Dr Jessica Varsallona

British Academy Postdoctoral Fellow


After receiving a BA, MA, and MRes in Art History from the University of Milan, I completed my PhD in Byzantine Studies (2021) at the Centre for Byzantine, Ottoman, and Modern Greek Studies at the University of Birmingham. In 2022, I joined the Istanbul Research Institute (IAE) as a Postdoctoral Fellow. Meanwhile, I also taught Medieval and Byzantine Art and Material Culture at the University of Oxford (Department of Continuing Education) and the Courtauld Institute of Arts (London). I joined the University of Edinburgh in 2023 as a British Academy Postdoctoral Fellow.


Ph.D., University of Birmingham, Centre for Byzantine, Ottoman, and Modern Greek Studies

Research summary


  • Mediterranean
  • Near East
  • Italy


  • Byzantine Visual and Material Culture
  • Urbanism and Architecture
  • Women History
  • Byzantine and Ottoman Constantinople


  • Byzantine and Medieval
  • Early Modern

Current research interests

My research focuses on the Visual and Material Culture of late Byzantium. My main research areas are the urban evolution and topography of Byzantine Constantinople and the architectural history of the Balkans in the Middle Ages, which I use as a starting point to contextualise broader patterns of patronage and their ideological implications. In addition to my main research, I have developed further interests, publications, and collaborations on the cultural interaction between Byzantium and the Latin West, especially Late Medieval and Renaissance Italy; I am particularly interested in the social and economic implications of the circulation of technology and religious cult activity across the Mediterranean in the 13th-15th Centuries and the reception of Byzantium in the post-Byzantine and Early Modern eras.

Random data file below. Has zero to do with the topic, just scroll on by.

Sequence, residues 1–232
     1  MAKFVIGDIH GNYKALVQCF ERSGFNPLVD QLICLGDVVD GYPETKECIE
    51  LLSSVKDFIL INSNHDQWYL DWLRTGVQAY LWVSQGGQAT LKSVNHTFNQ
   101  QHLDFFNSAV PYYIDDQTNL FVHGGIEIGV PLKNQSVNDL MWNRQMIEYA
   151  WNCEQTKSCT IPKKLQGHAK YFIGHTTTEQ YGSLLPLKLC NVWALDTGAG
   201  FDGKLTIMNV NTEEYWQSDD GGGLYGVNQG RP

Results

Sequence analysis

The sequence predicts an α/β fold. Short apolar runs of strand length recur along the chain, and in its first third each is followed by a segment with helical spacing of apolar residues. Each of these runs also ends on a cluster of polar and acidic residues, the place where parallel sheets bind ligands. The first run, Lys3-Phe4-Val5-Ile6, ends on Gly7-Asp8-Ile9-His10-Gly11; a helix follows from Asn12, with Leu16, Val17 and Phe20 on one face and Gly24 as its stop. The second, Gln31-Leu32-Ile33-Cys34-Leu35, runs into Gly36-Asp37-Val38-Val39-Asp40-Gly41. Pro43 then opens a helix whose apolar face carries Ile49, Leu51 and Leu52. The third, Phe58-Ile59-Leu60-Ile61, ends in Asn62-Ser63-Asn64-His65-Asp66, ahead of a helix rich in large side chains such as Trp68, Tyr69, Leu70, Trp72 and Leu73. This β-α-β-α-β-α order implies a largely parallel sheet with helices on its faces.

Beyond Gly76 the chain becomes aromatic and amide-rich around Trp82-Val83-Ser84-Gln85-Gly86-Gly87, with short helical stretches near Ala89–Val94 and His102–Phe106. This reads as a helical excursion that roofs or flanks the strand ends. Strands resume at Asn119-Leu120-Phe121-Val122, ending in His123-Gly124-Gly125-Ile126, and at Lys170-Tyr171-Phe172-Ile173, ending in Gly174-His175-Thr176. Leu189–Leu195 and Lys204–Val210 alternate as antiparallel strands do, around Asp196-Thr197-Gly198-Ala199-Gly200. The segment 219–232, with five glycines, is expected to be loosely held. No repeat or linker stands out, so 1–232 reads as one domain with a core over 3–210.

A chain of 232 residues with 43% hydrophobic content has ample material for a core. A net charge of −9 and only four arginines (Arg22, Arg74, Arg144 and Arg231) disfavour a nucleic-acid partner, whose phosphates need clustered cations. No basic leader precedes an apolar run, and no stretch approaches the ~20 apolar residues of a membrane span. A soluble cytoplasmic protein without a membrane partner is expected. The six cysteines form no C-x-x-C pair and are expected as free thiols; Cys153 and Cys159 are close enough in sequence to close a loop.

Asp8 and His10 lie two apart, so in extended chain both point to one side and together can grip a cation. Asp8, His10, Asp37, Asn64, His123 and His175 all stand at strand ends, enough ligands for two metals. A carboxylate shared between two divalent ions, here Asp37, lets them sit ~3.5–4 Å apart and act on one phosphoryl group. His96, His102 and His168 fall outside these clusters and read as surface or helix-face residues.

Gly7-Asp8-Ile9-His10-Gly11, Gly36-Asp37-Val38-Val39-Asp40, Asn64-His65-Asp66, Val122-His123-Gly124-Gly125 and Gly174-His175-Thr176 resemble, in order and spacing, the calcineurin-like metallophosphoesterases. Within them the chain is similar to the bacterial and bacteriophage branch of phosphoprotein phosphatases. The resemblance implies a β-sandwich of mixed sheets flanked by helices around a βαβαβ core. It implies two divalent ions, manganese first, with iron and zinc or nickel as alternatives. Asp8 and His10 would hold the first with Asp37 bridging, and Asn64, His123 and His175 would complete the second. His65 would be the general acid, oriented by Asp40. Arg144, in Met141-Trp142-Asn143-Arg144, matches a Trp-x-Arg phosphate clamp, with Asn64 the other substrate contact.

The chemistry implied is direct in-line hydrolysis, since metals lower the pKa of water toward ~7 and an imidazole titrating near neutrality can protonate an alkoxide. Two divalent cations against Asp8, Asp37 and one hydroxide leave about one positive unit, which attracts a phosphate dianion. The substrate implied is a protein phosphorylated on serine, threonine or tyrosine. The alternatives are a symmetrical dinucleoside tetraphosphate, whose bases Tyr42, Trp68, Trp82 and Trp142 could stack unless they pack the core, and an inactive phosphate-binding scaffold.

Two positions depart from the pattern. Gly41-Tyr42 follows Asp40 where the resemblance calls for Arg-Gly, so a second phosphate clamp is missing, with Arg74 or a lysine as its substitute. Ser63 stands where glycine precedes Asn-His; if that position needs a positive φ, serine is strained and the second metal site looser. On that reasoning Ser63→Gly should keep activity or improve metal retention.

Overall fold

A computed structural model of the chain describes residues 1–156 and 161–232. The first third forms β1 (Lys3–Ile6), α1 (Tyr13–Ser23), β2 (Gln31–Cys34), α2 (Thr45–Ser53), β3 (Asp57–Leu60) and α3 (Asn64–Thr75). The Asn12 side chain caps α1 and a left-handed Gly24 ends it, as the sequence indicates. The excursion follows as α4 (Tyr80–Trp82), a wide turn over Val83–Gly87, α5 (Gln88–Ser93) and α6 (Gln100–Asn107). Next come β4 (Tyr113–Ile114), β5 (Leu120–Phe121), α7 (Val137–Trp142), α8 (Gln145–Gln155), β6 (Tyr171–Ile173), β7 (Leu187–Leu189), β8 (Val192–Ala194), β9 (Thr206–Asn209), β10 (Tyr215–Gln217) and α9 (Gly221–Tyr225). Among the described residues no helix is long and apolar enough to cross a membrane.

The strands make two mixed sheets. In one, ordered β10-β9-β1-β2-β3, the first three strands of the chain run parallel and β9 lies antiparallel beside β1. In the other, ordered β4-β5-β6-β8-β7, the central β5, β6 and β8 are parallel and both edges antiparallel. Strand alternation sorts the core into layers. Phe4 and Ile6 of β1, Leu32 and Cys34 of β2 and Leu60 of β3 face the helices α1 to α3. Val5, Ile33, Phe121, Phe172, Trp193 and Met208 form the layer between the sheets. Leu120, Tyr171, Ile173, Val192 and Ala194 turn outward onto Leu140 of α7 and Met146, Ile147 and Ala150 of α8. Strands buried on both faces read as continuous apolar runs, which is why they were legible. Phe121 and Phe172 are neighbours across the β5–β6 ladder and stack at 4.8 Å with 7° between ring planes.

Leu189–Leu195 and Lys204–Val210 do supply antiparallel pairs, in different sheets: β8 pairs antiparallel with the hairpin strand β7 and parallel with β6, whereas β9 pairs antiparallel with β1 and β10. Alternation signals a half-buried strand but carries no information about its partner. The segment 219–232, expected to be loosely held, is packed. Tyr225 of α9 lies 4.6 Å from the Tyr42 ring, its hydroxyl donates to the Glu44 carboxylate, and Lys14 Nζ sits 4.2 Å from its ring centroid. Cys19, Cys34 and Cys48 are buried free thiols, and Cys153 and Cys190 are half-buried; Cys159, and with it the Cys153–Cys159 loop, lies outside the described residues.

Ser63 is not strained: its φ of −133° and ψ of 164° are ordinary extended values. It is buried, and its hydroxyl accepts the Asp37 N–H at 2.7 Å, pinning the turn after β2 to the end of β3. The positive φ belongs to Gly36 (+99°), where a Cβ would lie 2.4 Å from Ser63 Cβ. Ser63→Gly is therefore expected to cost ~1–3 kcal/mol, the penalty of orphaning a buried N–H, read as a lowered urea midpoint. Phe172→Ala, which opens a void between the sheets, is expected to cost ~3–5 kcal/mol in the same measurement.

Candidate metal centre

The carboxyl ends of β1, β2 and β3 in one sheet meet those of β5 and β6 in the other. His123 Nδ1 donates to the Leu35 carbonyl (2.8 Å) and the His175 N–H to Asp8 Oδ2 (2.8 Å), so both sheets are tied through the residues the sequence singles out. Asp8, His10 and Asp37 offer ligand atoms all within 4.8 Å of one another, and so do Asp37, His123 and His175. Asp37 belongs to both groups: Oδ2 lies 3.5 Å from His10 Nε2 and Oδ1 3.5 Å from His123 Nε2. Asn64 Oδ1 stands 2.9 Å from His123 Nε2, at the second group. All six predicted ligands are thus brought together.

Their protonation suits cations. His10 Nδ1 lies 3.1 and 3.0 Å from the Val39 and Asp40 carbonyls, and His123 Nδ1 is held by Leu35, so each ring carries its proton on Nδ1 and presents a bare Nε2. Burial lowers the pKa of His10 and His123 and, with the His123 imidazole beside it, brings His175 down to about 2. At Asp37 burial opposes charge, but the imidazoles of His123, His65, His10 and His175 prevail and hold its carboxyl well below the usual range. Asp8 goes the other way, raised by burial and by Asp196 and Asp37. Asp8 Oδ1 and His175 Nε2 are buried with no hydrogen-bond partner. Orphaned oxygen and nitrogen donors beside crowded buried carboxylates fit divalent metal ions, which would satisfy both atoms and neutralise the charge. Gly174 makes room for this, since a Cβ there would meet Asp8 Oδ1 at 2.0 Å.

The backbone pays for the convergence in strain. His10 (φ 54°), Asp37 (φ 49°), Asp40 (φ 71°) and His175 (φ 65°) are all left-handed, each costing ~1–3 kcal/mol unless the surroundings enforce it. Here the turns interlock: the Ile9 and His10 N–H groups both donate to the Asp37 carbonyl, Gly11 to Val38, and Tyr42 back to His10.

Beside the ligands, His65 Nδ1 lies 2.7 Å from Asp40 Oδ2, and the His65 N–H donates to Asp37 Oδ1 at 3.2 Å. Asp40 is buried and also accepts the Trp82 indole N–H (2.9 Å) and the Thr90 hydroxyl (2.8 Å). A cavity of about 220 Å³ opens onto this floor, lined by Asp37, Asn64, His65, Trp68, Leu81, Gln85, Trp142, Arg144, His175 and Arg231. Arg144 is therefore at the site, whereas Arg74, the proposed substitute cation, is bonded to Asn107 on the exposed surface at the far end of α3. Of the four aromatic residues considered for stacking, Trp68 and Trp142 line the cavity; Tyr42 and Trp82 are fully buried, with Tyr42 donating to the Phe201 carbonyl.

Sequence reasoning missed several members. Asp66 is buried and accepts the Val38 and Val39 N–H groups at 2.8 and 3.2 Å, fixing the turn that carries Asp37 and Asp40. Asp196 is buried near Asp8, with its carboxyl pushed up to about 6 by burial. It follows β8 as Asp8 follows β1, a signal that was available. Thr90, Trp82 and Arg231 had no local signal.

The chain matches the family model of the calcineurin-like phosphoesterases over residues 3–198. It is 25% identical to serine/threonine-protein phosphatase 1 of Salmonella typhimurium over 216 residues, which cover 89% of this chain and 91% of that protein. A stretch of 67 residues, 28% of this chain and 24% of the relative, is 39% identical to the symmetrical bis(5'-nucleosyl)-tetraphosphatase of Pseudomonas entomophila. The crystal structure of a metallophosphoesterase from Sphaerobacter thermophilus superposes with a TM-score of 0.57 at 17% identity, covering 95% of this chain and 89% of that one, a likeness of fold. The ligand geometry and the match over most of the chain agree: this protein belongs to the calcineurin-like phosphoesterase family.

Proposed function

Affiliated research centres

Project activity

Pan-Mediterranean Dialogues of Power and Prestige: Late Byzantine Architecture in Context (1330-1500)

Aristocratic castles, famed architects, and the cult of classical antiquity are more commonly associated with Renaissance Italy rather than with Byzantium. But Italian families such as the Milanese Visconti or Montferrat marquises were linked through marriages with Byzantine emperors and Balkan rulers. By contextualising these political and cultural connections, I transgress the traditional disciplinary boundaries separating Byzantine, Ottoman and Renaissance Studies. My project demonstrates continuity and exchange between Italian and late Byzantine constructions in Greece, Turkey, and Serbia, thus demolishing old narratives of periodization and modern national boundaries that have obscured our understanding. Analysis of the material features of a group of selected buildings, their patrons’ social network and intellectual background, reveals the global trajectories of architectural interchanges between Renaissance Italy, Byzantium and the early Ottomans in the 14th and 15th centuries.

Current project grants

British Academy Postdoctoral Fellowship